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Amplitude Review - Beat Blast From the Past

Mitchell Saltzman | 7 Jan 2016 20:00
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Developed/Published by Harmonix. Released on December 9, 2015. Available on PS4. Review code provided by Publisher. Full Disclosure: Reviewer is a backer of Amplitude's Kickstarter campaign at the $20 level.

Every year there are a small handful of excellent games that gain near universal critical acclaim, but for whatever reason, still manage to fly under most people's radar, often winding up on lists of "Best Games No One Played," by the end of the year. In 2003, this was Amplitude, a rhythm action game that was the sequel to the similarly under appreciated Frequency.

Despite not achieving much commercial success, Amplitude was, and still is, beloved by rhythm gaming fans, which prompted Harmonix to reach out to those fans directly through Kickstarter to fund a modern remake. Here we are about a year and a half later, and Amplitude returns with updated visuals, a completely new track list that brings that game back to its electronica roots, and more of the same relentless rhythm action that will give your eyes and your fingers a complete work out on the harder difficulties.

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The gameplay of Amplitude has players moving a ship, known as a Nano Blaster, around six different highways, with each highway representing an actual instrumental track in the song. Gems will fly down each of the highways in accordance to the beats of the music, and players must shoot them down with their Nano Blaster to score points. Each highway is broken up by sequences, and in order to clear the sequence, blow up a portion of the highway, and score points, you must hit each note within the sequence perfectly. Miss, and you take a point of energy damage. Energy can be regained by clearing sequences or reaching song checkpoints, but take too many points of damage and it is game over.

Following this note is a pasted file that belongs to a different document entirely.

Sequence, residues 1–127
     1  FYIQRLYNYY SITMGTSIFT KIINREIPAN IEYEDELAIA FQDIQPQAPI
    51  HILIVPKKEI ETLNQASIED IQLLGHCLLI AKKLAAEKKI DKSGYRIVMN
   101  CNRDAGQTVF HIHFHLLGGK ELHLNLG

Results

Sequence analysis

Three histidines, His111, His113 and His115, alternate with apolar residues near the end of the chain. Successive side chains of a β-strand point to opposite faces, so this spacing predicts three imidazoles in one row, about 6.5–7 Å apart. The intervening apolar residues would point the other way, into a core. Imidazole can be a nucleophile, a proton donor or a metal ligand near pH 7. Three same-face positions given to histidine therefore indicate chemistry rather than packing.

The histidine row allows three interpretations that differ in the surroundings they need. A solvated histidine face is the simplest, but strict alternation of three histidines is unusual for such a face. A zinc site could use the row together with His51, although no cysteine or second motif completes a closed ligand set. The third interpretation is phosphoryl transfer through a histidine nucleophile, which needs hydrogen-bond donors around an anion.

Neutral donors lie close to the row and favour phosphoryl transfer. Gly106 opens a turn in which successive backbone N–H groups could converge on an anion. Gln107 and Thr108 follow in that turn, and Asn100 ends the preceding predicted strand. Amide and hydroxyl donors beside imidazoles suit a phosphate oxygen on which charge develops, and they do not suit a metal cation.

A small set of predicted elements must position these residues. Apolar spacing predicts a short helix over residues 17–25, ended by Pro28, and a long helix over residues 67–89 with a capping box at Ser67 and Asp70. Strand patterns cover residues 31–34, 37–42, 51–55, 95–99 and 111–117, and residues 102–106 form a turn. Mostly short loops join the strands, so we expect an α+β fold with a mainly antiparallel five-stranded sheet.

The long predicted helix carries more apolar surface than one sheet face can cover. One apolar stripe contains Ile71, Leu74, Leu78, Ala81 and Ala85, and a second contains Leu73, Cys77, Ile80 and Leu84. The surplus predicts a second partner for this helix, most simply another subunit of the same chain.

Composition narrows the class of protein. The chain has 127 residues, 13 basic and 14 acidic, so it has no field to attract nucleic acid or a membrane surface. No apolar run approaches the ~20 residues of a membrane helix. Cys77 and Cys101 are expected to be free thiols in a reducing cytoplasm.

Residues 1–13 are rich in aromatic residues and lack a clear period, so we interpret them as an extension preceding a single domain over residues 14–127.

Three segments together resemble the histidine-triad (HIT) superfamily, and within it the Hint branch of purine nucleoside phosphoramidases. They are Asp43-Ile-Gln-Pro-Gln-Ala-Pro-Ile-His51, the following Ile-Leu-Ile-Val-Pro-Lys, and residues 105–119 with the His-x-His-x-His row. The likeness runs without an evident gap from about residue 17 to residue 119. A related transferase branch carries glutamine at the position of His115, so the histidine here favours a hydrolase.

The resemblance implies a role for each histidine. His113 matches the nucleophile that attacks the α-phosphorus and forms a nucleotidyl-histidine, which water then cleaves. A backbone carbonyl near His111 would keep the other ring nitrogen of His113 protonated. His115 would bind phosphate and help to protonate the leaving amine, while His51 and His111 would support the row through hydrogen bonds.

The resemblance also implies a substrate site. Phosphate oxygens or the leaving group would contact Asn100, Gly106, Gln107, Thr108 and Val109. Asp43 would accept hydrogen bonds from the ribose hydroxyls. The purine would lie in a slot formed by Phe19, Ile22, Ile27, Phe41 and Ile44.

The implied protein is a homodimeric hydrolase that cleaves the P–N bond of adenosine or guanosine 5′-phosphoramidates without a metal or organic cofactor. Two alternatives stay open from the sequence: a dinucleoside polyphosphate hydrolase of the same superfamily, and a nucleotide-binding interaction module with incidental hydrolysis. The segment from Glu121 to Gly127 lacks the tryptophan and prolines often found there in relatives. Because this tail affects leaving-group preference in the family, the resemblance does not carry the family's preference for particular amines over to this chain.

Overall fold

In order to keep a streak going and score big points, after clearing a highway, you'll need to quickly jump to a new one and pick up the beat immediately, forcing you to not only focus on the notes that are coming at you on the current highway, but also on the next highway you're planning on jumping to. It can get quite challenging, but few rhythm games can match the satisfaction that Amplitude gives when you're able maintain a long streak, moving from vocals, to drums, to synth, to bass, and then back to vocals, clearing each sequence perfectly and then picking up the next one immediately.

That being said, Amplitude's design isn't perfect, and all too often I found myself clearing a sequence, only to have to jump to a highway that was off screen, thus giving me no way to actually see what note was coming up next. Also, the PS4's trigger buttons are not designed to be pressed many times in succession, which makes certain songs that require multiple quick presses of R2 a bit frustrating. The controls are completely customizable, but I couldn't find a control scheme that was intuitive enough to make me want to actually switch out of the default scheme that maps the right blaster to R2.